Consider the relationship between online travel agencies (OTAs) and hotels. On the one hand, hotels are the ones who employ hundreds of thousands to build, maintain, and staff properties only to have search engine firms with relatively small overhead come in and demand high commissions to sell the rooms. But, OTAs like Expedia and Booking Holdings Inc. are popular one-stop destinations for hotel searches. They are virtual billboards on a very busy boulevard that no hotel can afford to ignore. So how can both parties get what they want?
Mizuho US Internet analyst James Lee recently hosted an investor call on the future of OTA commissions with HeBS Digital, a leading ad agency in the hospitality space. I spoke with him about his takeaways from the call.
Why are OTA contract renewals such a hot topic?
We are entering a period when major hotel chains will begin renewing their contracts with OTAs. Of note, Marriott, the largest hotel chain globally, is about to negotiate its OTA agreements in a way that could serve as a blueprint for other such agreements in the industry.
What leverage does Marriott have?
OTA commission rates have been declining over the last 10 years due to a shift toward the agency model and pressure from hotel industry consolidation. US hotel chains on average pay 12-16% commissions to large OTAs. But that is down substantially from 18-22% back in 2008. The ultimate goal for hoteliers is to bring those commissions down to about 10%, which is the level they pay to traditional travel agencies.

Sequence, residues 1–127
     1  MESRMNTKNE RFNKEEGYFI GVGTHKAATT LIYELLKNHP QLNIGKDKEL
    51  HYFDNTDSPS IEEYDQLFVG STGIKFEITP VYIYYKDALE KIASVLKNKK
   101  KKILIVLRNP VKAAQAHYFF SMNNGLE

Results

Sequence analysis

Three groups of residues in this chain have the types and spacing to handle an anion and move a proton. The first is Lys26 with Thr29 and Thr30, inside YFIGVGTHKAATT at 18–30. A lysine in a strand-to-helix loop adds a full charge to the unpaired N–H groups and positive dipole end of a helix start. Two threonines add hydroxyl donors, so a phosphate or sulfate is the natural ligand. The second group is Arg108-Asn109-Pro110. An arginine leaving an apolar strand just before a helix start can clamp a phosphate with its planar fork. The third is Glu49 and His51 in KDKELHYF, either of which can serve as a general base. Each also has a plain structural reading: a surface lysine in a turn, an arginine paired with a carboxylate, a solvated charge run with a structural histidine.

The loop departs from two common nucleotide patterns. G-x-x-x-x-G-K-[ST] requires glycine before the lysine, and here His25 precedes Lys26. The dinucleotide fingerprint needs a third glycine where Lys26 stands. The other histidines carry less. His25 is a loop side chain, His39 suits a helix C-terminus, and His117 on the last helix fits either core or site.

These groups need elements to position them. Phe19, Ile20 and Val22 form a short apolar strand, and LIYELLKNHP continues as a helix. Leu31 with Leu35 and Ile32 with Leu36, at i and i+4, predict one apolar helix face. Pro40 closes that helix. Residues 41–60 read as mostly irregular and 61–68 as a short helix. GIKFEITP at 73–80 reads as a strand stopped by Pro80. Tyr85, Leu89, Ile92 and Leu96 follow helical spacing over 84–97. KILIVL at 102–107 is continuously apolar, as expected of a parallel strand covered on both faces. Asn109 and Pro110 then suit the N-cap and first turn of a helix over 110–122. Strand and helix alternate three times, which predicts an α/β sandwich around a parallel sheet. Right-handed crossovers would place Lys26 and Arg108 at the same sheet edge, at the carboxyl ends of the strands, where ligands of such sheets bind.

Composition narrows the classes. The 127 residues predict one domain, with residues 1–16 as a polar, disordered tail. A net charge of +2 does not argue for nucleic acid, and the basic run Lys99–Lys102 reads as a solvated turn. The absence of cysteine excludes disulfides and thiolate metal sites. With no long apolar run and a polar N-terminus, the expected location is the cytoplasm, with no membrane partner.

What are forces that will drive this round of negotiations?
Hotel economics are in good shape in North America. The growth in demand is expected to modestly exceed supply in 2018 and 2019, according to HeBS Digital and STR. We also expect the occupancy rate to grow at a stable pace. So, the goal for hotels is lower distribution costs.
Why so much focus on that one cost?
Hotels have limited leverage on other cost factors like labor and debt service. And right now, the industry is under pressure to improve profitability amidst positive fundamental trends. OTA contract periods are typically three-year terms. So using the last contract renewal in 2015 as a proxy, we estimate that Marriott’s OTA commission rate was reduced by one to two percentage points globally. This year their goal appears similar.
What are hotels like Marriott willing to bring to the table to get concessions?
Knowing what the hotels are after, it seems like OTAs would like to optimize their supply to offset further commission declines. The group will likely ask for LRA (last room availability) to gain unlimited inventory and qualify for loyalty points. With LRA agreements, OTAs can purchase any available accommodations such as suites, family rooms, king rooms, etc., even if it’s the only unoccupied room at the hotel.
So LRAs are a huge bargaining chip?
Guaranteeing this inventory availability is critical for OTAs, especially in top markets like NYC that have occupancy rates above 80%, limiting their ability to meet demand. We believe requesting LRA and the ability to let OTA users qualify for loyalty points is reasonable since the same conditions are provided to traditional travel agencies.
What is the likely outcome?
In our view, hotels will shave another 1-2% off commission rates this renewal season and OTAs will successfully get LRA and qualify for loyalty points. Hotels realize cost reductions in the one of the few areas they can and OTAs meaningfully increase their inventory, increase market share for hotel booking and increase volume growth that will more than offset the lower commission take rate. It’s a win-win situation for both.